The Redskins would be a contender to sign Olsen if he remains on the field. Rivera, hired by Washington in January after being fired by the Panthers in December, has shown an affinity for former colleagues in Carolina while assembling his coaching staff and reconfiguring his front office in Washington. He also was given broad authority over the Redskins’ football operations by owner Daniel Snyder, meaning the decision on whether to sign Olsen would be his.
Olsen thanked Rivera in a statement posted to social media Thursday in conjunction with the Panthers’ announcement that they and Olsen had mutually decided to part ways. Olsen wrote in the statement that he had not made a decision about his future.
“At this time I have not closed the door on any potential career options,” Olsen said. “I still have the love of football in my heart and will explore all opportunities presented to me.”
Olsen had one season remaining on his contract with the Panthers. Having been released, he does not have to wait until the opening of free agency in March to sign with another team.
He remained relatively productive this season for Carolina, posting 52 catches for 597 yards and two touchdowns in 14 games. In all, he played nine seasons for the Panthers. He had three 1,000-yard receiving seasons and was a three-time Pro Bowl selection. He was a key member of the 2015 Panthers team that went 15-1 and reached the Super Bowl.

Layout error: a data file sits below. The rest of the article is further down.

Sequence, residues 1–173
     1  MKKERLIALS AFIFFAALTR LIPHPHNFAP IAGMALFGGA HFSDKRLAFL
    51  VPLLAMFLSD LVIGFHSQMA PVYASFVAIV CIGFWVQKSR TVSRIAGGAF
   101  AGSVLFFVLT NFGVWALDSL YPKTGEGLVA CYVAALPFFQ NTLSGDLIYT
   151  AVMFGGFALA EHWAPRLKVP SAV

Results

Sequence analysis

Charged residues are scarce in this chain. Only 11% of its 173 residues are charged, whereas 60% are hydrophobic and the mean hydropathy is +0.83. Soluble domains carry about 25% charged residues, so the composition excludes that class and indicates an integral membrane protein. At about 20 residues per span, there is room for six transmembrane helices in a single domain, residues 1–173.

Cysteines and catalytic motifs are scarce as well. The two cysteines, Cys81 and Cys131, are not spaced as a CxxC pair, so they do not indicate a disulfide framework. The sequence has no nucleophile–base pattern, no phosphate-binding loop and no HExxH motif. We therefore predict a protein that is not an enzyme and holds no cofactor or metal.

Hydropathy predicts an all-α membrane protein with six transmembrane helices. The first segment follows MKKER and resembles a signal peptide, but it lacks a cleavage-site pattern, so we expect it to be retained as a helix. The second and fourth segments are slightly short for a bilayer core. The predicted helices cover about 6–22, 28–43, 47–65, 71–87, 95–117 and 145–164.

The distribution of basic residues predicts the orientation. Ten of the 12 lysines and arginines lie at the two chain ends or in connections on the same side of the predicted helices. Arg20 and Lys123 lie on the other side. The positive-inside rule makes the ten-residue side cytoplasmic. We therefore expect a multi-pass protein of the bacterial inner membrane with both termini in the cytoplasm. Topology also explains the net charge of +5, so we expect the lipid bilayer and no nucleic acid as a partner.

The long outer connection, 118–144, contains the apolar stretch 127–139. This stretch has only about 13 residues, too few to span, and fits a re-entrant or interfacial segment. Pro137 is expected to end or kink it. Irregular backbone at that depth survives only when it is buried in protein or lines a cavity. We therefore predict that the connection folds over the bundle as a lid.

Olsen spent four seasons with the Chicago Bears before his long run with Carolina. In his 13 NFL seasons, he has 718 catches for 8,444 yards and 59 touchdowns. He ranks fifth on the NFL’s career lists for catches and receiving yards by a tight end.
The Redskins have a significant need at the position after Jordan Reed did not play at all during the 2019 regular season after he suffered a concussion in the third preseason game.
Olsen’s presence could aid the development of young quarterback Dwayne Haskins. But if Olsen wants to play for a Super Bowl contender, that might disqualify the Redskins.
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